10 Things Prospects Hate
You know that feeling you get when fingernails scrape a chalkboard? Salespeople can do things that prospects find just as annoying.
Here are 10 things salespeople do that prospects and buyers really hate. Make sure that none of these behaviors are part of your approach.
Claiming that no competition exists.
Rarely does a product or service have zero competition. In fact, it’s quite likely your competitor is showing the same product made by the same company that you are presenting.
Claiming that their product is the next big thing.
It’s great to be enthusiastic. However, buyers react best to realistic claims they can believe. Expect them to be skeptical when you tell them that your new Internet of Things motion detector will make the cows in the barn produce more milk.
Talking about the high demand for their product or service.
Buyers simply don’t care about the demand for your product or service until they decide they need it. Even then, the demand for the product or service doesn’t carry much weight and will rarely influence the buyer’s decision regarding which company they’ll do business with.
Pushing products or services that simply aren’t right for the prospect.
Salespeople that push products or services that aren’t needed waste time. It’s not wise to push snow blowers on people that live in Phoenix, for example.
Neglecting to fix spelling and grammatical errors in your correspondence.
There is no way to look smart to others when you write like an idiot. Use spellcheck. Use proper grammar. Avoid slang terms. And don’t address any correspondence to “owner” or “occupant.” Use personalization with messages tailored to the recipient and watch results soar.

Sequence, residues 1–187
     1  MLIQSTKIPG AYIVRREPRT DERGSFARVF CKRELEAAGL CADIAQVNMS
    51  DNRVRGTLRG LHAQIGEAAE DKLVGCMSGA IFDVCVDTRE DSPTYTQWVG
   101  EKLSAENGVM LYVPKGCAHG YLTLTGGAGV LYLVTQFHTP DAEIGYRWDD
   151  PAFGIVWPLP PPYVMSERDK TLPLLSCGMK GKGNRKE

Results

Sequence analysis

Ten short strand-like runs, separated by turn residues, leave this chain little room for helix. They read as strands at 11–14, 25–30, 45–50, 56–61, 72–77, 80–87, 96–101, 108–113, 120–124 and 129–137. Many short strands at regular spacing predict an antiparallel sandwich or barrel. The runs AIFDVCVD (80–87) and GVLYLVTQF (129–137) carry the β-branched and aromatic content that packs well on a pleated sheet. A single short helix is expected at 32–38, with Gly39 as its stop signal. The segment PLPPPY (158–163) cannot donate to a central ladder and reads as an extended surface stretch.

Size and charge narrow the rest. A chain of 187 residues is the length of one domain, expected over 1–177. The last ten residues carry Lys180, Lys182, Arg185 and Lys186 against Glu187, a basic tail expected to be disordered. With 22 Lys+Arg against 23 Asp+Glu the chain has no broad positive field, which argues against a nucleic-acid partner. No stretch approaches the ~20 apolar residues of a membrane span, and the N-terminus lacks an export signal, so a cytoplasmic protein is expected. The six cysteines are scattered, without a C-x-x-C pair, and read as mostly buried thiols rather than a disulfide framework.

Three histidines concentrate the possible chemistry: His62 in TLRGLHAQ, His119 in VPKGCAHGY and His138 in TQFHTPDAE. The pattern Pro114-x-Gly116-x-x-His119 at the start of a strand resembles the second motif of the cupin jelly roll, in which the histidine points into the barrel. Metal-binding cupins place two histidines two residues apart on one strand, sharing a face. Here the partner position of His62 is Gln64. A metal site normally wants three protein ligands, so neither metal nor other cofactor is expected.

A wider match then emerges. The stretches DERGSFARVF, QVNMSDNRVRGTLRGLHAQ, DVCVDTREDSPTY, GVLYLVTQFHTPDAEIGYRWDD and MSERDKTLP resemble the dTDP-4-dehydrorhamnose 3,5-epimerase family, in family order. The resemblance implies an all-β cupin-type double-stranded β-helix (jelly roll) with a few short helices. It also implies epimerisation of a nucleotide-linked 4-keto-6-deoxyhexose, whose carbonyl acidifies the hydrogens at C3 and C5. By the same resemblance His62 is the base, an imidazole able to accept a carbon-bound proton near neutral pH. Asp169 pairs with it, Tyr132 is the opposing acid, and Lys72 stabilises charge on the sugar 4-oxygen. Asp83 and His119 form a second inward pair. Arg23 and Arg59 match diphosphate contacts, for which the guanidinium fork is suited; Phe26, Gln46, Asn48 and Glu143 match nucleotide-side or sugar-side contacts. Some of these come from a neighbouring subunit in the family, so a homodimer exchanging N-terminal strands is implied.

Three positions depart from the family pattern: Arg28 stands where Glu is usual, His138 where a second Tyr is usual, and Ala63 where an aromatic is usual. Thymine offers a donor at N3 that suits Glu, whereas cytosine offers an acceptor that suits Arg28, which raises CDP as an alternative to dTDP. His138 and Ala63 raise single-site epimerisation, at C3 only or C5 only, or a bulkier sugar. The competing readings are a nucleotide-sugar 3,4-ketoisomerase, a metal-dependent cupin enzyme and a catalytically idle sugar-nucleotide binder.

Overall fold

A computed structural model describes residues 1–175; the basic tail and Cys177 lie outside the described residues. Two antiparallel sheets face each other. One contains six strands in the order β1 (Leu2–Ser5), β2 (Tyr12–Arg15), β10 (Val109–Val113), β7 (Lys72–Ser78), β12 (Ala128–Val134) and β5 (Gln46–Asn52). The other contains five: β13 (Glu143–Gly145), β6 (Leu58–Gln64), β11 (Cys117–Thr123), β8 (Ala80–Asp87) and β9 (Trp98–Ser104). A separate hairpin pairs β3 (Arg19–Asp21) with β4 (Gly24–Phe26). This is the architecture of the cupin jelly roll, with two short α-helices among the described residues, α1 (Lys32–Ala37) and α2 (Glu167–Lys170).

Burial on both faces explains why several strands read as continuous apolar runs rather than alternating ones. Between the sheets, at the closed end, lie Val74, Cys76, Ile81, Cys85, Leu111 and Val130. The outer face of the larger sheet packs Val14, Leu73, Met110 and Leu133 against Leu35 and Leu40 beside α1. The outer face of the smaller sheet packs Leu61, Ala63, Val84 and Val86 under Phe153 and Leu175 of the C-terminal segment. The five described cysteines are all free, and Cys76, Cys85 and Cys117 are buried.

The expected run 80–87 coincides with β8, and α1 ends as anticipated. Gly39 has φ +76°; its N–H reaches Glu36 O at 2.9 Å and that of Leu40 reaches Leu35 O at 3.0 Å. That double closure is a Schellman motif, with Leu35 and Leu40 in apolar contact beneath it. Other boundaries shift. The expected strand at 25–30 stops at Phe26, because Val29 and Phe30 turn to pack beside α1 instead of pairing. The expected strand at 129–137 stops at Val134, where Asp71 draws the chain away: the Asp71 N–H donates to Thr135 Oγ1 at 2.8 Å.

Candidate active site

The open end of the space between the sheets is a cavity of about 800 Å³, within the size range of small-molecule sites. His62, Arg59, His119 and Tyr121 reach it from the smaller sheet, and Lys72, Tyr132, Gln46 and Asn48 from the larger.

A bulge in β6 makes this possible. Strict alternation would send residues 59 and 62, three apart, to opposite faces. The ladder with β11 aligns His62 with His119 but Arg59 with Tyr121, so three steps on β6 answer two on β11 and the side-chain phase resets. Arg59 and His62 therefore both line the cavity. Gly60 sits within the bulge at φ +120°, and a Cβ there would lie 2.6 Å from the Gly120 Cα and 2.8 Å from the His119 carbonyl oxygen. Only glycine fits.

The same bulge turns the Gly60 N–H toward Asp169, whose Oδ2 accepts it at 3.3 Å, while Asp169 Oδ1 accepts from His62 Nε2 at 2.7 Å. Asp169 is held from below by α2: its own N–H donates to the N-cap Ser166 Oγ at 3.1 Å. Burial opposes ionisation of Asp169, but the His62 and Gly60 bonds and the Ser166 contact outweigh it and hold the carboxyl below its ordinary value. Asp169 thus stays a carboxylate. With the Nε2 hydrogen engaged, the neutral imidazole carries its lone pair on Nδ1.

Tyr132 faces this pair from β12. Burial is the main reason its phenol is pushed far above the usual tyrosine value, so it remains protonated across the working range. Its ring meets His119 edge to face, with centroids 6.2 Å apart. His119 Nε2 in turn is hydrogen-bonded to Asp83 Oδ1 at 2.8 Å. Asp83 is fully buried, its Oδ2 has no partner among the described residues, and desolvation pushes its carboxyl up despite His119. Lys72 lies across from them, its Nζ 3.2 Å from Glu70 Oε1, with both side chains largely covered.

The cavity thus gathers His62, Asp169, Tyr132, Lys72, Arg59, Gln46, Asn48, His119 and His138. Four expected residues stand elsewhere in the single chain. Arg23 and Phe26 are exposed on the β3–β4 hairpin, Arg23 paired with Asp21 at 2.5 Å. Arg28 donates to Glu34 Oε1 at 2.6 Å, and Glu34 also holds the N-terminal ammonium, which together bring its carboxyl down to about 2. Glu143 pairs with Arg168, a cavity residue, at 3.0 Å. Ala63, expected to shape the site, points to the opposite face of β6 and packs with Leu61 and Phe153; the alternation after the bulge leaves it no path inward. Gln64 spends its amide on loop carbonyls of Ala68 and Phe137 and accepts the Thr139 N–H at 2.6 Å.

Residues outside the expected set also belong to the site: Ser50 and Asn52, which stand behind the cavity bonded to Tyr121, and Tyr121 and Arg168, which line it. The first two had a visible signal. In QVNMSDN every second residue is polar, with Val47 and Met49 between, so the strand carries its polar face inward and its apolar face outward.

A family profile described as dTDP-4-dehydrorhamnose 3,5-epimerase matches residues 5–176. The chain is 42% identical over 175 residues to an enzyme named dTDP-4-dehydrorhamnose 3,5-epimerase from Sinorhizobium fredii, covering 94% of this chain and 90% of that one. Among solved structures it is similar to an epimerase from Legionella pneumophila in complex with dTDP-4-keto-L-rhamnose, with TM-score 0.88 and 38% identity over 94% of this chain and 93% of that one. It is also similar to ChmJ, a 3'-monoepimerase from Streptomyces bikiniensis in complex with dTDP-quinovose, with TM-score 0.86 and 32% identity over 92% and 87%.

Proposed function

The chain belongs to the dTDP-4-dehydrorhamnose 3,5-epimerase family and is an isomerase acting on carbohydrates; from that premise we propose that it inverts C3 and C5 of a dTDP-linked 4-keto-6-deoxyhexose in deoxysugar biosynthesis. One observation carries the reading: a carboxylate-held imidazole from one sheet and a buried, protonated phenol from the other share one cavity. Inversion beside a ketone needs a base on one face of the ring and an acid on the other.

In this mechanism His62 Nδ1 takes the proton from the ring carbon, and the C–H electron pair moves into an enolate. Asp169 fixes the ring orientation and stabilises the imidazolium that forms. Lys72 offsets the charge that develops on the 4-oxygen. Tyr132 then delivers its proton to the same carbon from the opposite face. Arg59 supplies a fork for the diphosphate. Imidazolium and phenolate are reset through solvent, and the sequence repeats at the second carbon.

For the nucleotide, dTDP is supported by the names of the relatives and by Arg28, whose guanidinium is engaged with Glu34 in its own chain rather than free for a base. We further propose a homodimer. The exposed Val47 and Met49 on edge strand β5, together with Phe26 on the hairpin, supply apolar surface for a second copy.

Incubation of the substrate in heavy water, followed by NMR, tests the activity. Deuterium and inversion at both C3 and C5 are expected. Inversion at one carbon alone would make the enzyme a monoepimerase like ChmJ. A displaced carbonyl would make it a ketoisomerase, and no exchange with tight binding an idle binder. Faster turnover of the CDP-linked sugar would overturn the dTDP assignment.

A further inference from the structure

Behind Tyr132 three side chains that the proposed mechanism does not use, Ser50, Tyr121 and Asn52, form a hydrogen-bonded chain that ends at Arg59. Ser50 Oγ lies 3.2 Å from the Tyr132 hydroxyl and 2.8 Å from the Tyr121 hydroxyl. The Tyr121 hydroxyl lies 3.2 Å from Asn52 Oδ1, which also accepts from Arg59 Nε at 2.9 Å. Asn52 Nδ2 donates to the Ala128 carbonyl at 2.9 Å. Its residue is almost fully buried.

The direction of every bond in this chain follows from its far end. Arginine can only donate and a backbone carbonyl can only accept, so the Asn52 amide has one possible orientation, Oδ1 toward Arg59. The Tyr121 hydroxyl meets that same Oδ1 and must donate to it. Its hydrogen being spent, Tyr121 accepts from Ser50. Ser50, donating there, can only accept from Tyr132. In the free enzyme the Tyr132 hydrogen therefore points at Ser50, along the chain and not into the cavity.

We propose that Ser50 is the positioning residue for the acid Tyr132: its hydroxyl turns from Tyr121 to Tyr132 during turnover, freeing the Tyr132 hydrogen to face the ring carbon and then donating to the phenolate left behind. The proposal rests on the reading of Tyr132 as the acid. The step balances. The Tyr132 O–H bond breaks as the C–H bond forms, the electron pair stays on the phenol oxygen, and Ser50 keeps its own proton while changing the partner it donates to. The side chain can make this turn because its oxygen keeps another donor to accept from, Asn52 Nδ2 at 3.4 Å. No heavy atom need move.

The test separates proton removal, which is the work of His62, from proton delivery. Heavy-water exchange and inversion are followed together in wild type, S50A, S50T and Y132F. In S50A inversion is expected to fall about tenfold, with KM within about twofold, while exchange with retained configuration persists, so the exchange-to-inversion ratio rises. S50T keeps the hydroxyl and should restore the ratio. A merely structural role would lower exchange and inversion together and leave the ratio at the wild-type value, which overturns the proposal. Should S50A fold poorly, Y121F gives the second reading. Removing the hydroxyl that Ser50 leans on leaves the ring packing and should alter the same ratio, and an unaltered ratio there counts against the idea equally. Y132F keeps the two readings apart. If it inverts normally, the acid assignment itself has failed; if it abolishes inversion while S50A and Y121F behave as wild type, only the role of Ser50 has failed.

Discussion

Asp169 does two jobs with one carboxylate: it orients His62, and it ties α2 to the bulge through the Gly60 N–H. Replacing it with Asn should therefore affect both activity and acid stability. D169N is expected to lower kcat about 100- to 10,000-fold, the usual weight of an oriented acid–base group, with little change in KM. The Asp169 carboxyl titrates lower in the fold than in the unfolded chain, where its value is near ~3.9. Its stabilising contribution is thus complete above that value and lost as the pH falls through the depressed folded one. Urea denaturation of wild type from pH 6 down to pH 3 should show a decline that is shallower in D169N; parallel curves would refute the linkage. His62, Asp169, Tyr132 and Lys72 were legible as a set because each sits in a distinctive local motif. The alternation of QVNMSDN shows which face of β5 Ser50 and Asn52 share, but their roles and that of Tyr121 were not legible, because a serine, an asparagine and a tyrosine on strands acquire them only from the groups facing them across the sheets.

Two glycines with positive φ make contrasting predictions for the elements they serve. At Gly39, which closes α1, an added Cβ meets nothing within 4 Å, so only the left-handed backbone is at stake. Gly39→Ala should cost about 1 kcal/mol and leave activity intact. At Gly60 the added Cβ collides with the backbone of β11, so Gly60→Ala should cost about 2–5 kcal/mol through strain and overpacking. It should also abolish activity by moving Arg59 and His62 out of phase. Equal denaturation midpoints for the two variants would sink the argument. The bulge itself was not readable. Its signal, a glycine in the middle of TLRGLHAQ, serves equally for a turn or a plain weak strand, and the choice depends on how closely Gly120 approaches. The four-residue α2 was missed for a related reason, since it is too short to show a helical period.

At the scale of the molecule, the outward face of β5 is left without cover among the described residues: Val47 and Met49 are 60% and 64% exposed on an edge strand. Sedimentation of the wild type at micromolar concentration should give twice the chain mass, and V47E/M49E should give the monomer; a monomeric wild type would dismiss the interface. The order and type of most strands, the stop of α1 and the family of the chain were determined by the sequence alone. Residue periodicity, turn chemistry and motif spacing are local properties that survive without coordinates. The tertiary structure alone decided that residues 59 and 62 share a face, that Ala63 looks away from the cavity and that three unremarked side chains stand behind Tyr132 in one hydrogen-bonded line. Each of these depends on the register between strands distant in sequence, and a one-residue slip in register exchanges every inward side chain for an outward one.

Calling constantly, being demanding and not letting up.
It makes no sense to put undue pressure on prospects. You can be reasonable, patient and understanding without being a pushover or wasting your time. The prospect understands that the deal is important to you; you need to understand the prospect’s schedule and act accordingly.
Trying to be funny and cute, instead of direct and straightforward.
With pets, cuteness can be adorable. And who doesn’t love a good comedian? For salespeople, though, cuteness and humor rarely work; in fact, it usually becomes irritating. Buyers don’t have time for that crap and, if you were any good at it, you’d most likely be on stage instead of selling. Buyers want to know how you can help them solve their needs and/or problems and they want to know why you are the perfect person and company to work with. And here’s the crucial part: buyers are busy and want you to get to the point, correctly and quickly.
Being deceptive when trying to gain an appointment or information.
Attract interest in your services in an honest fashion. Don’t be deceptive when trying to gain an appointment. A pet peeve of most buyers is salespeople that feign interest in their services only to attempt to switch gears and pitch theirs.
Displaying a superior or bad attitude.
Believing that you are entitled to a sale is a turnoff and the wrong approach to take. Telling your prospect about the fight you had with your spouse or your kid’s latest scrape on the playground isn’t something a prospective buyer really cares to hear. Be polite, show proper respect and focus on the customer’s issues, not your own.
- Talking like a salesperson.
Buyers aren’t impressed with your fancy jargon that you assume they understand. They don’t care about your company mission statements, the “skill sets” of your team, your “balanced scorecard” or your Six Sigma initiatives. Buyers want to know how you can help them in plain and simple English (and increasingly in Spanish). Try acting like one person trying to help and understand another. You’ll be amazed at the positives that come from such an approach.
I’m quite confident that there are more than just 10 things salespeople do that buyers dislike. We invite you to share your favorites to be added to our list.